Harry Alfred Guest was the only son of Harry Bruce Guest, a Scottish sea captain, and Frieda Schmidt, a German immigrant. The family lived in Prince George when Harry Alfred was born. In the 1930s, Harry, his parents and his two sisters Dorothy and Shirley, moved to Port Moody where Harry participateed in the King Scouts and the Military Cadets. He attended John Oliver High School and graduated in 1935 with the nickname ‘Crazy Legs’, earned for his skill at hockey and lacrosse.
By 1936 Harry’s father was the proprietor of a Port Moody drugstore, and that year Harry received his Pharmacy Apprenticeship. This enabled him to work in his father’s establishment as well at the Military Pharmacy in Nanaimo. With the outbreak of war in 1939 Harry served as Staff Sargent at the Vernon Military Hospital, and in 1944, he began work at George Campbell Pharmacy in Haney. He soon became a partner in and manager at Lightbody’s Drugstore in Mission, marking the start of a successful commercial career. He met and married Mary Hallam, to whom he was a devoted husband, and continued his managerial career with Cunningham Drugs, Shoppers Drugs and Boots the Chemist.
Harry also gave time and service to his community. He was President of Rotary from 1957 to 1958, and was involved with the drive for a new Centennial Pool and Tennis courts, as well as a Health Clinic and Hospital for Mission. For over 30 years, as an elected member of the Hospital Board, he was unflagging in his advocacy for a new hospital in the face of much opposition and confrontation. He found time to serve as Chairman of the Recreation Commission in 1970, as the Community Volunteer for the Pleasantview Housing Society from 1992 to 1995, and as a member of Lifetime Learning Centre. He was also a valued member of St. Andrews United Church. In 2004 Harry was honored with a Lifetime Achievement Award from The District of Mission and a Volunteer Achievement Award from the Mission Chamber of Commerce.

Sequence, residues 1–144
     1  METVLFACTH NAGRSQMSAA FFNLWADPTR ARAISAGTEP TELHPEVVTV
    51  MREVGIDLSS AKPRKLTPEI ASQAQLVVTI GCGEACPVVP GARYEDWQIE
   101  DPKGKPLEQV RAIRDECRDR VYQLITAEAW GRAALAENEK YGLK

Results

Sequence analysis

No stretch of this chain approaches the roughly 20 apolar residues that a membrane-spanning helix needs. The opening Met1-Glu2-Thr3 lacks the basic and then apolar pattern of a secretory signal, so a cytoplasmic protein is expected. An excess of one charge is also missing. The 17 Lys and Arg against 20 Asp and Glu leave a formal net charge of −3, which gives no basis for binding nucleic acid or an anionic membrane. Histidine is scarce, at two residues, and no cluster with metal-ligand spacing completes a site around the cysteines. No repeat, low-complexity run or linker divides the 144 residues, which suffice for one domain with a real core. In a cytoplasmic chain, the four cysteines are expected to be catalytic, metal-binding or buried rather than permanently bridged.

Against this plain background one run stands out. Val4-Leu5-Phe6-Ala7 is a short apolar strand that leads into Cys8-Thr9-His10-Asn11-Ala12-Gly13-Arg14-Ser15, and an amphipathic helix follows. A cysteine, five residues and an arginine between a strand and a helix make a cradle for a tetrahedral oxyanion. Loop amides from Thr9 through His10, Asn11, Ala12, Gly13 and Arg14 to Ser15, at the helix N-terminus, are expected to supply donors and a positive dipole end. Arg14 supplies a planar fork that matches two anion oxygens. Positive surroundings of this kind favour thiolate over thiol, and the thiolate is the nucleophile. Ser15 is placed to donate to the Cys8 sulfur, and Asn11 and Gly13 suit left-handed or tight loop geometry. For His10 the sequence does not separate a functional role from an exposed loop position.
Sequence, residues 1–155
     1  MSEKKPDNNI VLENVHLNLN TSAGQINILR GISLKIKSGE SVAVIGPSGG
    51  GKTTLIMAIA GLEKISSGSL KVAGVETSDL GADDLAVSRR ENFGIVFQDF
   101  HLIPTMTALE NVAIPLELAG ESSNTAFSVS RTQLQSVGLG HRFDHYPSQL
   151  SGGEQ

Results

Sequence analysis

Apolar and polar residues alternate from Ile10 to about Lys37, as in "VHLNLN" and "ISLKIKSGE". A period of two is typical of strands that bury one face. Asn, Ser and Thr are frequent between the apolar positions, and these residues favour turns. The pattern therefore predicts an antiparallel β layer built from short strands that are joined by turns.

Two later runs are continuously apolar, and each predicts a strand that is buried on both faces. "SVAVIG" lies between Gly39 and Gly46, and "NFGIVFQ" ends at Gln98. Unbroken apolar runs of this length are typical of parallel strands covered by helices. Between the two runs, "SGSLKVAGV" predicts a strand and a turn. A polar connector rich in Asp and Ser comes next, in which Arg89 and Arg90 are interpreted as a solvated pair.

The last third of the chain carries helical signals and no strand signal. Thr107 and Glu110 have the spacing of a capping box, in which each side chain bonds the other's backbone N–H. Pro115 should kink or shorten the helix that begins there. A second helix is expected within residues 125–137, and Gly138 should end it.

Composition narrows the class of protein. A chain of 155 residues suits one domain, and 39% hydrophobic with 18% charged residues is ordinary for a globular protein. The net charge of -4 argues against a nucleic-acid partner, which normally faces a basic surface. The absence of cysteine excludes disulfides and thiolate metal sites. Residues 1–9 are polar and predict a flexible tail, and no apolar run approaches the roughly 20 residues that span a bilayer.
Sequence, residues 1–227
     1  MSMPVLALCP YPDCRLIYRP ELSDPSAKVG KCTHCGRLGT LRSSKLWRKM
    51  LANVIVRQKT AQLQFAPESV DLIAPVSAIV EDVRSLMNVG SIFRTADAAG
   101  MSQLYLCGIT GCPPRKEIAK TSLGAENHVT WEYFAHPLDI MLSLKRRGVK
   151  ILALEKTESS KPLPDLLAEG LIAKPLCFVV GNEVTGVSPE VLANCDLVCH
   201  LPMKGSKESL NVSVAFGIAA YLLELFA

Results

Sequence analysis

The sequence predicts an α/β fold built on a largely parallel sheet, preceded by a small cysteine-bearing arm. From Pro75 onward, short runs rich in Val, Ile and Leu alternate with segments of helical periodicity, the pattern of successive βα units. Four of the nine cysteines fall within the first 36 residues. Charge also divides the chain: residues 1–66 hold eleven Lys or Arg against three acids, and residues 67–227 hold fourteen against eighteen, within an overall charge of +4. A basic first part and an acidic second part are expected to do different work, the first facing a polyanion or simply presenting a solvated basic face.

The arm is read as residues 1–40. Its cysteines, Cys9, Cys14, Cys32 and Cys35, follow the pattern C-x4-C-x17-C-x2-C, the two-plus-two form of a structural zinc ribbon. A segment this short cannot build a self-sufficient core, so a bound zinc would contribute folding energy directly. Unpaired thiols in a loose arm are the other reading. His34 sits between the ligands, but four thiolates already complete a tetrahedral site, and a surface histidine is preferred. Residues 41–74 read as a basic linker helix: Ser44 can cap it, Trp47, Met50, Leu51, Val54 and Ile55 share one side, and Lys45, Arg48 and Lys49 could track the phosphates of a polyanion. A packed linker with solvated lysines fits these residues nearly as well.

Harry retired at the age of 72, discovering a new interest in tree farming, and especially the challenge of raising Christmas trees that were free of insecticides and pesticides. In the company of his dog Goldie, he loved to fish, canoe, chop wood, haul water and walk in the bush on Guest Island in Summit Lake. Visitors were inevitably treated to anecdotes about his early years, and Harry’s enthusiasm for nature and the landscape.
He was a loving father to five daughters and lived to enjoy his many grandchildren and great-grandchildren, whom he taught the value of education, fitness, and independence, as well as how to live a life in tune with nature.
Source: The Abbotsford Times, Friday July 16, 2010